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DRS poll: 7 in 10 Dutch shoppers to shop elsewhere if their  supermarket refuses returned drinks cans 

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  • 89 percent want convenience stores to accept returned cans as part of DRS scheme 
  • Norstat Poll: almost 7 in 10 would switch supermarket in favour of store which accepts all drinks packaging in DRS 
  • Cans set to be included in DRS from 2023 – Current Afvalfonds plan for can DRS  proposes inconvenient can return points outside of supermarkets
  • Environmental campaigners call for supermarkets to collect returned cans 
  • Poll – 70 percent could switch from cans to other materials like PET bottles      

ALMOST seven in ten Dutch people are willing to shop at a different store if their favourite supermarket  fails to accept returned drinks cans, a major poll reveals today. 

The poll of more than 1,000 Dutch residents, carried out by Norstat, found some 68 percent would  switch to a retailer that did accept returned cans as part of the deposit return scheme.  

There will be a deposit on drinks cans with effect from 31 December 2022.

Retailers already accept large and small plastic bottles as well as reusable glass beer bottles as part of the deposit return scheme.  

But plans unveiled last year by the Afvalfonds suggest that cans would only be collected at inconvenient collection  points some hundreds of meters away from shops.  

The Norstat poll builds on a survey conducted earlier this year by Consumentenbond which found 89  percent want to be able to return their plastic bottles and cans at the same location, which is at all points of sale.

However, with supermarkets persistently refusing to accept cans within the scheme, producer  responsibility organisation Afvalfonds is proposing to establish collection points some hundred meters away from retail  premises. 

But anti-waste campaigners warned that the inconvenience of separate collection points could undermine the actual enthusiastic public support for the whole deposit return system and with that weaken the desired effect on litter.  

Afvalfonds’ proposal would see only 3,000 collection points available for consumers to dispose of their  empty cans, which is drastically lower than the 5,500 offered inside supermarkets for PET bottles.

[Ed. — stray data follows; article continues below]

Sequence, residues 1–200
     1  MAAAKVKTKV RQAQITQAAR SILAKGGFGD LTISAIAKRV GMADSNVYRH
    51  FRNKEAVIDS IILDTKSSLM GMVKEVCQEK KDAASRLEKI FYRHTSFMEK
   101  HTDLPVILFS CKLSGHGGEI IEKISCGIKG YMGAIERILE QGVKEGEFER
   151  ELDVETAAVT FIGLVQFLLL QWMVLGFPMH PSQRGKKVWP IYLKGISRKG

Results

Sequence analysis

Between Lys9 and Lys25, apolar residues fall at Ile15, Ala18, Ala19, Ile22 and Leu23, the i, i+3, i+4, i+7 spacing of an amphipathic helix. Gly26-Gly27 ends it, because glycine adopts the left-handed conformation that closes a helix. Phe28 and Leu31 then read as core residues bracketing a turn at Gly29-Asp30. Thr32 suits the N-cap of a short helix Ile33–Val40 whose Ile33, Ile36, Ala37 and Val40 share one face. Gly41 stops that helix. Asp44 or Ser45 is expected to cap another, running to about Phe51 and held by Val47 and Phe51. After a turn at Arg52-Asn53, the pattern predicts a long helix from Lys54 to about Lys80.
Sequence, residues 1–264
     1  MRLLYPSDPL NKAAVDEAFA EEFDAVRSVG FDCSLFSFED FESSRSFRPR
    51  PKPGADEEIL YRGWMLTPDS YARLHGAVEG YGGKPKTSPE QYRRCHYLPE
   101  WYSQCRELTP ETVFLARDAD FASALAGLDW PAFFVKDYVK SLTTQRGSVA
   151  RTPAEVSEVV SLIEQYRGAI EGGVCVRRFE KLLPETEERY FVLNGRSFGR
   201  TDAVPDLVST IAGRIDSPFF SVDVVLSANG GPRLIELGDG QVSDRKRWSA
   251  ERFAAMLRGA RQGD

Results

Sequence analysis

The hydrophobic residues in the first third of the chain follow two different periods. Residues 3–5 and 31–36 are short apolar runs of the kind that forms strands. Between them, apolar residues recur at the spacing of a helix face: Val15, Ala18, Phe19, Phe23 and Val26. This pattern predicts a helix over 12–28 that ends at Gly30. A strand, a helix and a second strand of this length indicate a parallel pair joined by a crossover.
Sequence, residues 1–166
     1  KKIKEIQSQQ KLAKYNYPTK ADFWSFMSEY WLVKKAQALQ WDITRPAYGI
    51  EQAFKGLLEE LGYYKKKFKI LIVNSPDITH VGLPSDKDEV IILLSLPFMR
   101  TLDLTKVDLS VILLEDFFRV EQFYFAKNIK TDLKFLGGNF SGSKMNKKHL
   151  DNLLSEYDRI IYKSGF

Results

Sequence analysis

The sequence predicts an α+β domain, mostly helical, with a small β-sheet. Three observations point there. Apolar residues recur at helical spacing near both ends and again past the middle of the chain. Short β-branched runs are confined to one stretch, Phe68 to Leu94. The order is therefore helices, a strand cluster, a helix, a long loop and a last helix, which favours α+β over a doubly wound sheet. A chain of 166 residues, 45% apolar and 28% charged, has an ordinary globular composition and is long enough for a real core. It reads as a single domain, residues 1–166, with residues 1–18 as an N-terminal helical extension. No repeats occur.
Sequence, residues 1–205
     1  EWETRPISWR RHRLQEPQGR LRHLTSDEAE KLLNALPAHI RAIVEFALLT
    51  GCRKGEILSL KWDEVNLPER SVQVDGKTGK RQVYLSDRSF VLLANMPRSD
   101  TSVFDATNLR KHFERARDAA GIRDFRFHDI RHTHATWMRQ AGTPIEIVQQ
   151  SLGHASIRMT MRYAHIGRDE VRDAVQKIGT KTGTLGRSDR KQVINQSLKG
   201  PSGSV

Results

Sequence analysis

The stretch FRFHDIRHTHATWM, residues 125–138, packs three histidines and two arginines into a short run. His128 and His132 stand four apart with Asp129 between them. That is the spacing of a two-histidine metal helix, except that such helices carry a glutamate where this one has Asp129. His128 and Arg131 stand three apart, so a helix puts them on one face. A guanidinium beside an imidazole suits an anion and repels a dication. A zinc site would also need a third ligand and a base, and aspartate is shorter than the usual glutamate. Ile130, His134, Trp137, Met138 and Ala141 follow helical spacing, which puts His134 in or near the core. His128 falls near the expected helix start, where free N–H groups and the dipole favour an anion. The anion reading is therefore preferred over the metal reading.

The polling found some 70 percent of respondents would also avoid buying their favourite drink in a  can if the supermarket refused to take them back. Approximately two billion cans are sold in the Netherlands each year.

However, if shoppers choose to  avoid cans they are more likely to switch to PET bottles. 

Around 900 million small plastic bottles, and 600 million large plastic bottles are already sold in the  Netherlands each year. 

There are 11 other countries with DRS systems in the European Union, operating successfully for decades, and all of which allow consumers the convenience of being able to return their bottles and  cans to supermarkets. 

25 to 34-year-olds are most likely to change supermarkets, with 75 percent of respondents saying they  would likely choose a different store.  

Eight in ten residents living in Overijssel are likely to switch to a different supermarket should their  preferred store not accept all materials, while three quarters of Noord-Holland residents and 70  percent of Limburg residents would also shop elsewhere. 

With the Government looking to incentivise recycling rates and combat pollution, the  overwhelming public support for supermarkets to include cans in their DRS schemes in their shops cannot be ignored, campaigners said. 

A Plastic Soup Foundation Spokesperson said: “The results of this poll are clear. The public want to be able to return their drinks containers to a single point. Anything other than this runs the risk of diminishing  return rates, or worse yet, forcing people to buy highly polluting items such as plastic bottles or cartons. 

“Simply put, if we’re to meet the plastic waste crisis head on there can be no half measures. The Government must make its DRS as comprehensive as possible and ensure supermarkets will accept the return of cans.”

A Recycling Netwerk Benelux spokesperson said: “The Dutch fully support the deposits both on plastic bottles and cans. But, apart from supermarkets Ekoplaza and Marqt, the big supermarkets refuse to take the cans in through their shops. 

“The alternative proposal by Afvalfonds is not consumer-friendly at all and thus undermines the workings of DRS and its potential environmental benefits. The outcome of this poll gives the supermarkets an additional reason to drop their resistance and to take back cans inside their shops along the plastic bottles starting from 31 December”. 

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